When people genuflect on entering the church, they stay on their knees in prayer for a minute or two. They arrive early; often, twenty minutes before mass is to start, the seats are full and people begin to stand in the aisles.

When mass begins, almost everyone raises his or her voice, singing strongly. The churches swell with the sounds of song. Only on Easter were printed hymns used; a folded one-page mimeographed songbook was provided. "Piesni Wielkanocne" contained words to several songs: Wesoly nam dzi dzien nastal, Zwycizca smierci, Otrzyjcie ju lzy, Wesel sie krolowo, Wstal Pan Chrystus, Alleluja Jezus zyje, Zmartwychwstal Pan, Alleluja, O dniu radosny, Zlozcie troski zalujacy, Nie zna smierci Pan Zywota and Chrystus zmartwychwstan jest. Most people did not even touch the papers, knowing everything from memory. At Pasterka [Christmas midnight Mass], many koldy [carols] were sung: among them were: Gdy sliczna Panna, Dzisiaj w Betlejem, Bog sie rodzi, Jezus malusienki, Lulajze Jezuniu, Cicha noc, Gdy sie Chrystus rodzi, and Przybiezeli do Betlejem. There was no song book, as the koledy are familiar from earliest childhood. Although a projection screen is present in most sanctuaries, it is only used occasionally to display the words of the songs and responses for litanies.

Monetary contributions are made by less than half of the people. About every third or fourth person drops something in the collection basket and there are no collection envelopes. The amount varies, but the average contribution appears to be about 50 groszy or l new zloty, an equivalent of $.20 to $.40. The basket is usually passed by priests or seminarians, sometimes by altar boys, and less frequently by nuns. In one church, the priest making the collection places his hand on the head of each small child and utters a blessing.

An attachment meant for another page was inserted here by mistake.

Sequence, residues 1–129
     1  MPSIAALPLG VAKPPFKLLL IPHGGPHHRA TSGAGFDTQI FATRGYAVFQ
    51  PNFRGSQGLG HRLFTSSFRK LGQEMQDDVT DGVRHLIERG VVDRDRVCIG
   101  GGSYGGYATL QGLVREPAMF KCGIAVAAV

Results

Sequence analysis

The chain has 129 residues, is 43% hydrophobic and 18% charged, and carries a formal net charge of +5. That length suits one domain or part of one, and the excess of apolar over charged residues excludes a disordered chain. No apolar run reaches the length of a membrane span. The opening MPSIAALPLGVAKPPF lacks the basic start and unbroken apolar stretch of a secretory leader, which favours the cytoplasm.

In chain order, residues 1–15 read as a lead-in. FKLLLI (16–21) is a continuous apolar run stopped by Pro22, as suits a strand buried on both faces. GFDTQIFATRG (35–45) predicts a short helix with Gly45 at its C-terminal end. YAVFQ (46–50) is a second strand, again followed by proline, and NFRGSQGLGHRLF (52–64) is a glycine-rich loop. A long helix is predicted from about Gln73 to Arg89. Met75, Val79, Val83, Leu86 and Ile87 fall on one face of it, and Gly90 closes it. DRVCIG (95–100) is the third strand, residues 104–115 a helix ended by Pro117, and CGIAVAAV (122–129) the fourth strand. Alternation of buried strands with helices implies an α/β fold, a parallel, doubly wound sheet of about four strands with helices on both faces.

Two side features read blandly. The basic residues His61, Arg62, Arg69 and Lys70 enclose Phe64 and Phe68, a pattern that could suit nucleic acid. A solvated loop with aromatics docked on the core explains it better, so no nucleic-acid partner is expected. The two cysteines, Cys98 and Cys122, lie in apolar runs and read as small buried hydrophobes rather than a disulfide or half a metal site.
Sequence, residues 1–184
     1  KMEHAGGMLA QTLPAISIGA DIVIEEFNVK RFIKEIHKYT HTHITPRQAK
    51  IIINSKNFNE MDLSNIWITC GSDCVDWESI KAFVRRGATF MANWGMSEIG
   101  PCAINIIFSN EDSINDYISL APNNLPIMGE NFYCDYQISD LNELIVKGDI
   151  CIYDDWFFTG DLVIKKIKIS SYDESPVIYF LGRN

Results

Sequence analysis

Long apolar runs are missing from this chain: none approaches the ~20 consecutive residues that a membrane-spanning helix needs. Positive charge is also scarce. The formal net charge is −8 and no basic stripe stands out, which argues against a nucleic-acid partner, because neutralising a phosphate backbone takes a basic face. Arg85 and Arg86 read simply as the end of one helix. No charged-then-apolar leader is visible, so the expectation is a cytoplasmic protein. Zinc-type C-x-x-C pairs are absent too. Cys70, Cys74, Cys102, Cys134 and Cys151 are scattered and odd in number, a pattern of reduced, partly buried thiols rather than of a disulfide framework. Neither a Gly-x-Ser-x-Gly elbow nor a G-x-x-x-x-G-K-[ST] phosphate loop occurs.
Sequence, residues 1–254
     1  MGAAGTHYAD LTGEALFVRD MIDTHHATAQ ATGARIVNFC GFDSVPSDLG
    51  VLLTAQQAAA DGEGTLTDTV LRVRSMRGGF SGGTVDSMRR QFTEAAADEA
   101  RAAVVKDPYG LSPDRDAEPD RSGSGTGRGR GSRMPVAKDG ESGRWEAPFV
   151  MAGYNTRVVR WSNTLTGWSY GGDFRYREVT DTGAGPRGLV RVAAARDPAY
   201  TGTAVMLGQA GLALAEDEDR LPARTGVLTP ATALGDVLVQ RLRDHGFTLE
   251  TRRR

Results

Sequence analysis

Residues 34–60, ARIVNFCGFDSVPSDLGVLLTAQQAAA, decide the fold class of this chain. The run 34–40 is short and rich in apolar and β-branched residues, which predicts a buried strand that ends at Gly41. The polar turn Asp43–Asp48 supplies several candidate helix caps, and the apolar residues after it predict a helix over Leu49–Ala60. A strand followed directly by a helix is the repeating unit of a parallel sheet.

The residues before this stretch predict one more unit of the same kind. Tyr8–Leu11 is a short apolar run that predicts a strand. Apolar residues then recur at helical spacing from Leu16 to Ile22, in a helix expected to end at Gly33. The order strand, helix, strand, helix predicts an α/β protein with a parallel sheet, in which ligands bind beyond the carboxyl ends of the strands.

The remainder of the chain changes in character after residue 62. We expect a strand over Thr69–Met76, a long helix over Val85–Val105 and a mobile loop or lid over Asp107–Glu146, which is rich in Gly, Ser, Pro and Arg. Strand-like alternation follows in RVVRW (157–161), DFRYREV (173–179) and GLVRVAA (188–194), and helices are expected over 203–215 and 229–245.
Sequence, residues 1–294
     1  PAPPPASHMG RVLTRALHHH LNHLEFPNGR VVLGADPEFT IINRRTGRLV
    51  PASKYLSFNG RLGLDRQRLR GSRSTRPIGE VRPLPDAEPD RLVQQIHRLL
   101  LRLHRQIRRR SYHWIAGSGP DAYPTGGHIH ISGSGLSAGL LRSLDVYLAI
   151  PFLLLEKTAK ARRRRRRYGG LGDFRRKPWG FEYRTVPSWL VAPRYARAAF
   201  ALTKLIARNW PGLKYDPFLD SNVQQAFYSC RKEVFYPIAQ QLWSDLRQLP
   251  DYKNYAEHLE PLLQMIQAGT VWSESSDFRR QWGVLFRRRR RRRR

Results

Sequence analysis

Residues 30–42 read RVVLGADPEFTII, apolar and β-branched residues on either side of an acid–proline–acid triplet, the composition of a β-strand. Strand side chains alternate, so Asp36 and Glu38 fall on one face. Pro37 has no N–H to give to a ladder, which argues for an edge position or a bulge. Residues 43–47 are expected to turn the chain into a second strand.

With the exception of the masses of the Christmas and Easter season, not many people receive communion. At Pasterka, most of those old enough to do so, took communion. All ten priests distributed the hosts in different parts of the church and the corridors connecting it to other buildings which were also full of people. By three weeks after these celebrations, the number of communicants subsides to about one-quarter of the attendees. Even the little children still dressed in their First Communion clothing do not take communion. Of those who do take communion most do not go up to the front of the church, but into the aisles where the priests go with the chalices. People kneel to receive the host which is placed on their tongues, not in their hands. When they return to their places, they do not have their hands folded, but hanging freely at their sides.